A VC’s Strategy and “Kill Rate”

How many investments a VC Partner makes a year is critical to know. It greatly drives a firm’s strategy–and, the “kill rate” in a VC portfolio.

That’s because many VCs are already on many boards (read “The Early-Stage Financing Digestion Problem”) and need to ration time.

At Kepha, we believe in being highly selective. Each of us makes one or two investments a year (BTW, 80% of our investments start as seeds). That decision drives our strategy:

  • With fewer “shots on goal,” we have an incentive to do our best to assist each company. This means we have a high-commitment strategy. We join Boards. We want to help our entrepreneurs and be their “first call” when they need advice, introductions and recruits
  • We set aside funds to invest in each company’s subsequent financing rounds
  • We expect losses in the portfolio, but hopefully, less than the industry average

If we instead wanted to make a lot of investments, we would be very different:

  • We would try to do 20+ seed investments a year to get statistical validity. We would be hard pressed to take seed-stage board seats–we just wouldn’t have the time
  • Since we’re making more investments, we wouldn’t have the capital to invest in each round for each company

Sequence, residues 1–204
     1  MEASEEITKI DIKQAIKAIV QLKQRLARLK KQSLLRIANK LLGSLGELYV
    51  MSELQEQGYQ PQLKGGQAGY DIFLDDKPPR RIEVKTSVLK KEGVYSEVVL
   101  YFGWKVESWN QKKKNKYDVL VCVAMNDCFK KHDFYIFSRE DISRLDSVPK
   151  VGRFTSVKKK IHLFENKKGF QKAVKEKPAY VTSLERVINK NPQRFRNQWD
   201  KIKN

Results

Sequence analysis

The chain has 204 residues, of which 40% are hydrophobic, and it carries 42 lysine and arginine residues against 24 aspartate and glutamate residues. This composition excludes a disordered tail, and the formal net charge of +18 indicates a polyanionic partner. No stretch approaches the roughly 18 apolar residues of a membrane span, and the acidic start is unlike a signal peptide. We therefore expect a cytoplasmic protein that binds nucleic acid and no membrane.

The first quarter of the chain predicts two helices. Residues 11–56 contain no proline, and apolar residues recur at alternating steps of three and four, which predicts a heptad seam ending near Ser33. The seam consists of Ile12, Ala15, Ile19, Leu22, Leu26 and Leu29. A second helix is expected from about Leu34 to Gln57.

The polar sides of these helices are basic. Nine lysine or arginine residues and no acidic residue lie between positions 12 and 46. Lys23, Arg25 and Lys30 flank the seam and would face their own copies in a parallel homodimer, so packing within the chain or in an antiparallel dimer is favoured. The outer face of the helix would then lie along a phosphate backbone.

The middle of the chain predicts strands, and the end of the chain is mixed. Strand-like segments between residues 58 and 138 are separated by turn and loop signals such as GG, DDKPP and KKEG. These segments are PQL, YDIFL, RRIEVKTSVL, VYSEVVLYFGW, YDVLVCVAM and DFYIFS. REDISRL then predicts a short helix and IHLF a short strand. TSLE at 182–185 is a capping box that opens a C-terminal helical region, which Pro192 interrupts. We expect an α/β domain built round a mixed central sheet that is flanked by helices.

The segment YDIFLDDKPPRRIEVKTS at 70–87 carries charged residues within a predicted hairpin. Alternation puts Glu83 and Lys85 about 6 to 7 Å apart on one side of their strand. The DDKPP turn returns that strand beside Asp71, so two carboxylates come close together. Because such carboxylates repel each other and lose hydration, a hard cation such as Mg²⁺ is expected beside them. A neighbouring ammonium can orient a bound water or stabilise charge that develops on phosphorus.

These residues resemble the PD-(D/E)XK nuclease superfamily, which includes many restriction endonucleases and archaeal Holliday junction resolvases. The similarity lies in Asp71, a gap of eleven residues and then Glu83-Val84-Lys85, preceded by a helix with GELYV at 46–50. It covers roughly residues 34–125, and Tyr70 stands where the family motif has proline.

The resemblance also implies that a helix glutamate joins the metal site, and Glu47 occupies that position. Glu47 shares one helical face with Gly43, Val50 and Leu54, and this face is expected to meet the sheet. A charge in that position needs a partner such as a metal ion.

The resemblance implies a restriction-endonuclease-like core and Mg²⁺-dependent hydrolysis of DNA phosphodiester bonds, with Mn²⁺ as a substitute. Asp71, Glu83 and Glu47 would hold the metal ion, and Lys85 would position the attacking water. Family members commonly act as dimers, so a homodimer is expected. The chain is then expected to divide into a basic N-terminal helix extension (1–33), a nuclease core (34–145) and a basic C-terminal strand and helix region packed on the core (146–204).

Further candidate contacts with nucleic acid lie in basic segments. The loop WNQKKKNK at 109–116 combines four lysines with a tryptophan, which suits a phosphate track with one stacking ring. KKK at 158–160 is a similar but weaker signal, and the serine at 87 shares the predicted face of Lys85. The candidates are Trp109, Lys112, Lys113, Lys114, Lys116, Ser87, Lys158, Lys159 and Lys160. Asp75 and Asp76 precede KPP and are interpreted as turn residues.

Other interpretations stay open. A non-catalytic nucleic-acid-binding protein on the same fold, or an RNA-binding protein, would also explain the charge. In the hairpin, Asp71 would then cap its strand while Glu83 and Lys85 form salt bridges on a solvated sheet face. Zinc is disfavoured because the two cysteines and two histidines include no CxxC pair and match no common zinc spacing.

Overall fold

• We would budget for a high portfolio abandonment rate–we couldn’t continue to re-invest in all of the companies. We would assume a resulting high “kill rate”

I want to note that there is no one way to do do well in venture capital. Both styles work. There are great examples of fantastic results for each approach. But, each model has a different implication for the entrepreneur.

So, an important question an entrepreneur should ask a VC is this one: “How many investments, including seeds, do you make a year?” The answer will say a lot about a VC firm’s strategy.

2 thoughts on “A VC’s Strategy and “Kill Rate”

  1. Jo, excellent article. I am curious, do you usually find VCs to be at either extremes to be successful (i.e either follow your focused strategy or invest in 20+ firms). Are there firms that are some what in the middle? And if so, how successful are they?

    In my own opinion, I personally prefer your more “personalized” and “focused” strategy. During my days as a consultant, many of my clients were VC firms. If given the choice, I would always prefer to work with partners who were deeply invested (time & money) in their portfolios. Makes all the difference!!

    1. Hi Mustafa, thanks for writing. I do find that those two camps dominate. And, there are successes in each group. So, from a business standpoint, each model works. And, I agree with you, we like the focused approach!

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